Women's Somatic Training in Early Modern Spanish Theater  book cover
1st Edition

Women's Somatic Training in Early Modern Spanish Theater

ISBN 9780367881993
Published December 12, 2019 by Routledge
176 Pages

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Book Description

Drawing from early modern plays and treatises on the precepts and practices of the acting process, this study shows how the early modern Spanish actress subscribed to various somatic practices in an effort to prepare for a role. It provides today's reader not only another perspective to the performance aspect of early modern plays, but also a better understanding of how the woman of the theater succeeded in a highly scrutinized profession. Elizabeth Marie Cruz Petersen examines examples of comedias from playwrights such as Lope de Vega, Luis Vélez de Guevara, Tirso de Molina, and Ana Caro, historical documents, and treatises to demonstrate that the women of the stage transformed their bodies and their social and cultural environment in order to succeed in early modern Spanish theater. Women's Somatic Training in Early Modern Spanish Theater is the first full-length, in-depth study of women actors in seventeenth-century Spain. Unique in the field of comedia studies, it approaches the topic from a performance perspective, using somaesthetics as a tool to explain how an artist's lived experiences and emotions unite in the interpretation of art, reconfiguring her "self" via the transformation of habit.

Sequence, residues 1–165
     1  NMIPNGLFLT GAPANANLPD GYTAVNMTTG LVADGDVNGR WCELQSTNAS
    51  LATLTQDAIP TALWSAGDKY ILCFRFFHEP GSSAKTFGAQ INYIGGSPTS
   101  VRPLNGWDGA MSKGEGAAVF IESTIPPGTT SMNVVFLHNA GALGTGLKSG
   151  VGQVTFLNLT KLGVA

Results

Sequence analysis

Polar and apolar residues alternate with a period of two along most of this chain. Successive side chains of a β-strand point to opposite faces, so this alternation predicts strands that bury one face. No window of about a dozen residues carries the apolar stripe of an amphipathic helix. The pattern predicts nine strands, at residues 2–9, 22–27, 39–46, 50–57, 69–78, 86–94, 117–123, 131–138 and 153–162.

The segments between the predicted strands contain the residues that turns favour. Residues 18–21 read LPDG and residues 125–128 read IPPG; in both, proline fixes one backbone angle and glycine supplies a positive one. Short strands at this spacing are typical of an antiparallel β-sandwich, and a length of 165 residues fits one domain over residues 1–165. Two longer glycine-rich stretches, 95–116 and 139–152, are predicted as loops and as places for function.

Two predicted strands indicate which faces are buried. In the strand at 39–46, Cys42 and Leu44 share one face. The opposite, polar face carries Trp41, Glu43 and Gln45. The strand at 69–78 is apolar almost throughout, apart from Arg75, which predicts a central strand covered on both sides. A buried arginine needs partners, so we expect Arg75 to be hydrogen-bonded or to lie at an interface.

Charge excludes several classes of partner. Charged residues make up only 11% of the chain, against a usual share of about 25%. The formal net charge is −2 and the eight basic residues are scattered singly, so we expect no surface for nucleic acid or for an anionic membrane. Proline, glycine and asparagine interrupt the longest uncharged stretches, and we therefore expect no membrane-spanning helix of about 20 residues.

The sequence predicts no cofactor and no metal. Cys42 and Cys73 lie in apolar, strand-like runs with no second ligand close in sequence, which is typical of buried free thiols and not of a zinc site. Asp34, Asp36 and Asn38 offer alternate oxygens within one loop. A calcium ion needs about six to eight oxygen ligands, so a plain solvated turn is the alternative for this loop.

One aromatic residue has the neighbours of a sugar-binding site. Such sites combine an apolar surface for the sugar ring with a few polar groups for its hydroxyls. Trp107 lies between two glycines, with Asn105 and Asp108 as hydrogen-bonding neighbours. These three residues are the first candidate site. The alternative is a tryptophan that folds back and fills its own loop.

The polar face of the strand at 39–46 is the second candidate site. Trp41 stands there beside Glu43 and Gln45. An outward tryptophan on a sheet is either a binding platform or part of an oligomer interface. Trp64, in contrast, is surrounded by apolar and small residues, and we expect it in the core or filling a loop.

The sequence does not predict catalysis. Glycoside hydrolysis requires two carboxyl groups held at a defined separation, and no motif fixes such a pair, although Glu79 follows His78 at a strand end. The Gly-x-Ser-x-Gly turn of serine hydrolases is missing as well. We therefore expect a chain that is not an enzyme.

Table of Contents


Chapter 1: Theoretical Models: Somaesthetics and Arte Nuevo

Chapter 2: The Corral’s Contribution to Somatic Experience

Chapter 3: Sociopolitics of the Spanish Woman Actor: Building Character

Chapter 4: Building a Character for the 17th Century Spanish Stage




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Elizabeth Marie Cruz Petersen is an Adjunct Professor at Florida Atlantic University, USA.